Firstly, it is important to note that this particular SNP-based method has already been positively verified after having been confronted with the fully sequenced "Mal'ta boy" remains, securely dated (using the radiocarbon method) to 24 ky BP. This finding strongly confirmed my previous SNP-based calculation suggesting that the R1a and R1b lineages have been separated about 27 years ago (or roughly between 25 and 30 kya), while it has been commonly believed that R1 is much younger. Please see the discussion held on the Anthrogenica forum:
http://www.anthrogenica.com/showthread.php?1507-Some-provisional-calculations-for-haplogroup-R1a-based-on-the-first-FGC-result/page4&p=20838#post20838

Secondly, when assuming that R1b-U106 (or at least its sister clade R1b-P312 that is definitely of about the same age) has significantly contributed to a sudden expansion of the so-called Bell Beaker people who have quickly spread over the entire Western half of the European continent between about 4900 and 4400 years ago, it seems practically impossible that P312 and U106 are only 3500 years old. Actually, it seems also impossible that any of these two major clades of European R1b descend from their single most recent ancestors who lived only 4500 years ago, as it is hard to imagine that the expanding Bell Beaker population was not large enough to have left more than two (or more than four when counting L11* and L51*) surviving sublineages, significantly predating the explosion of the Bell-Beaker culture.

Let's compare it with the demographic (and territorial or "military") expansion of some historically attested populations that were supposed to be strongly associated with some very specific Y-DNA subclades. One good example is the sudden territorial expansion (that was accompanied by some kind of a demographic explosion) of the Early Slavic (or Proto-Slavic) population, which apparently took place between 500 and 700 AD. Importantly, both the STR-based and SNP-based calculations indicate that all evidently "Slavic" subclades (like R1a-L1029, R1a-L260, I2a-Din and some specific "Slavic" subclades of R1a-Z280) that show a very characteristic internal structure that perfectly reflects such a sudden expansion can be traced back to their corresponding MRCAs living between 2000 and 3000 (or approximately 2500) years ago, which predates the very moment of their historically attested expansion by about 1000 years.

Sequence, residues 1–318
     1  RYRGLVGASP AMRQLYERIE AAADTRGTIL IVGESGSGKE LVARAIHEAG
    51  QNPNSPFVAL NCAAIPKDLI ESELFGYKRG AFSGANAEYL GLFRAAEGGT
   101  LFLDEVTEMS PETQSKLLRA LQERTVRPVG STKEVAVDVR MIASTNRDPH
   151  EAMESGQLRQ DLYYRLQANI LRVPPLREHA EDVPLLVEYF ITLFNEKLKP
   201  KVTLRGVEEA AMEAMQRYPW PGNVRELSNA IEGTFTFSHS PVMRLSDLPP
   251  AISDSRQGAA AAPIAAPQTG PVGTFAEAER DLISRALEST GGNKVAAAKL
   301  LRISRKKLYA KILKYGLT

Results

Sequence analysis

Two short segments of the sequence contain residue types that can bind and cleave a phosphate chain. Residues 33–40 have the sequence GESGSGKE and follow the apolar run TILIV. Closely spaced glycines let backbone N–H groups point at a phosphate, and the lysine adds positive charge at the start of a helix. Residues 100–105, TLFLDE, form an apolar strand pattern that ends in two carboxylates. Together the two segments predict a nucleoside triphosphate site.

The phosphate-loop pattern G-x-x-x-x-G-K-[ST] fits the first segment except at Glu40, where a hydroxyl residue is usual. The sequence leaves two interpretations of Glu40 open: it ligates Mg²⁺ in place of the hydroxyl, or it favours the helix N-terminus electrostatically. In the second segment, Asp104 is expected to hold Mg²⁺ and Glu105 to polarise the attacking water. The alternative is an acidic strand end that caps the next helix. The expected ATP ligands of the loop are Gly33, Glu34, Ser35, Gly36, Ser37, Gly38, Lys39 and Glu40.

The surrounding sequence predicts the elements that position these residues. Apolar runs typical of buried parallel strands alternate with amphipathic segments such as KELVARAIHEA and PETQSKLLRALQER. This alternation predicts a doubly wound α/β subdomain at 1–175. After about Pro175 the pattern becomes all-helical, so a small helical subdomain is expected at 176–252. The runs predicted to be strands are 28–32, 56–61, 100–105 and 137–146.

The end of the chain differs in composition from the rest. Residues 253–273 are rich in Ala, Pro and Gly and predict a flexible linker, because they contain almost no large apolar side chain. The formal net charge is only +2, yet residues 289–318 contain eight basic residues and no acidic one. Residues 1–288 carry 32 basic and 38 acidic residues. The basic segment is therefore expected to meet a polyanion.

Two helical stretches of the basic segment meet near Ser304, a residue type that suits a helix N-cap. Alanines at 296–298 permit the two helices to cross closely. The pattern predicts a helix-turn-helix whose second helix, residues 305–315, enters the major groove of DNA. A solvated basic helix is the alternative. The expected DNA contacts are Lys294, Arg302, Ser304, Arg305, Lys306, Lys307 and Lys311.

Another good example is the well known territorial expansion of the Norse Vikings who are believed to be responsible for the spread of some very specific subclades of R1a-Z284, namely the so-called Young Scandinavian clade L448 (or mostly its major subclade CTS4179) and four major subclades of the so-called Old Scandinavian clade Z287 (CTS2277, Z281, YP390 and YP401). Importantly, the internal structure of all these subclades shows relatively sudden split into many descending lineages, yet each of those five clades shows the TMRCA value of at least 2000-2500 years (thus predating the historically attested Norse Viking expansion by about 1000 years), while their parental clade Z284 (clearly associated with the Scandinavian ancestry) is even much older (more than 5000 years old).

All above makes perfect sense when one realizes that any ancient territorial expansion needed to be based on some earlier population growth that produced enough people(or enough lineages) to allow for such expansion to take place. Consequently, I am pretty confident that both R1b-P312 and R1b-U106 are at least 5500 years old, while the 5500-6500 time frame for their MRCAs is a very reasonable guess, especially when finding some substantial support for it in the SNP-based dating.

Assuming that my SNP-based estimates for R1b-U106 are more or less correct, the crucial question is why most of the STR-based calculations fail to give equally high TMRCA values. This is even more surprising when realizing that there is no such apparent discrepancy when comparing the STR-based and SNP-based estimates for different subclades of R1a. I can think of at least two factors that could potentially contribute to such hypothetical R1b-specific (or maybe only L11-specific) phenomenon.

One possible explanation is an exceptionally high level of homoplasy that is rarely seen in other haplogroups. Whether this is intrinsically related to some characteristic features of the R1b-L11 haplotypes (like for example a specific combination of some STR results that are more likely to oscillate around some "fixed" values), is hard to say without undertaking some advanced studies in this particular direction.